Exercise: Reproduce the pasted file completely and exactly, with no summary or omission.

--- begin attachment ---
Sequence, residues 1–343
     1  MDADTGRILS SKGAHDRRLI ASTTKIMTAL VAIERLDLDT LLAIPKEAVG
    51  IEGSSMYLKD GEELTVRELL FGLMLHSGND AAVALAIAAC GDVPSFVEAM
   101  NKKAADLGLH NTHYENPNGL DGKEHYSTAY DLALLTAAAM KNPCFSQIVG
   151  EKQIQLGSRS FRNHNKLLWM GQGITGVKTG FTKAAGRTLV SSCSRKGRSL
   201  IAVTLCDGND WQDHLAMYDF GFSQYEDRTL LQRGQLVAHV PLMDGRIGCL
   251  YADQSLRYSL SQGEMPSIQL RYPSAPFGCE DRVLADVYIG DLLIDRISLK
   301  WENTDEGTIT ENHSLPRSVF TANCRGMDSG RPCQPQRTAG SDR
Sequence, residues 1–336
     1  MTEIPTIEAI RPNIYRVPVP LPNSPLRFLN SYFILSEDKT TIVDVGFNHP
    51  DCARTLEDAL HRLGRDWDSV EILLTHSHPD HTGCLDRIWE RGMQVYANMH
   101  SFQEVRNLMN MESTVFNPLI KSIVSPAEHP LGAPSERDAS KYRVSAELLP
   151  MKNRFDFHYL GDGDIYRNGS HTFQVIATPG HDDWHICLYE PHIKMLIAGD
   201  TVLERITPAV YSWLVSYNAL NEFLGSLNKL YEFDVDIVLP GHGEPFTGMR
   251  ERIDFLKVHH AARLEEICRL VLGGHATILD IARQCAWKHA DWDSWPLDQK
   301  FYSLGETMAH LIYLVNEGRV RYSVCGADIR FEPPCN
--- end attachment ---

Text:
Sequence, residues 1–343
     1  MDADTGRILS SKGAHDRRLI ASTTKIMTAL VAIERLDLDT LLAIPKEAVG
    51  IEGSSMYLKD GEELTVRELL FGLMLHSGND AAVALAIAAC GDVPSFVEAM
   101  NKKAADLGLH NTHYENPNGL DGKEHYSTAY DLALLTAAAM KNPCFSQIVG
   151  EKQIQLGSRS FRNHNKLLWM GQGITGVKTG FTKAAGRTLV SSCSRKGRSL
   201  IAVTLCDGND WQDHLAMYDF GFSQYEDRTL LQRGQLVAHV PLMDGRIGCL
   251  YADQSLRYSL SQGEMPSIQL RYPSAPFGCE DRVLADVYIG DLLIDRISLK
   301  WENTDEGTIT ENHSLPRSVF TANCRGMDSG RPCQPQRTAG SDR
Sequence, residues 1–336
     1  MTEIPTIEAI RPNIYRVPVP LPNSPLRFLN SYFILSEDKT TIVDVGFNHP
    51  DCARTLEDAL HRLGRDWDSV EILLTHSHPD HTGCLDRIWE RGMQVYANMH
   101  SFQEVRNLMN MESTVFNPLI KSIVSPAEHP LGAPSERDAS KYRVSAELLP
   151  MKNRFDFHYL GDGDIYRNGS HTFQVIATPG HDDWHICLYE PHIKMLIAGD
   201  TVLERITPAV YSWLVSYNAL NEFLGSLNKL YEFDVDIVLP GHGEPFTGMR
   251  ERIDFLKVHH AARLEEICRL VLGGHATILD IARQCAWKHA DWDSWPLDQK
   301  FYSLGETMAH LIYLVNEGRV RYSVCGADIR FEPPCN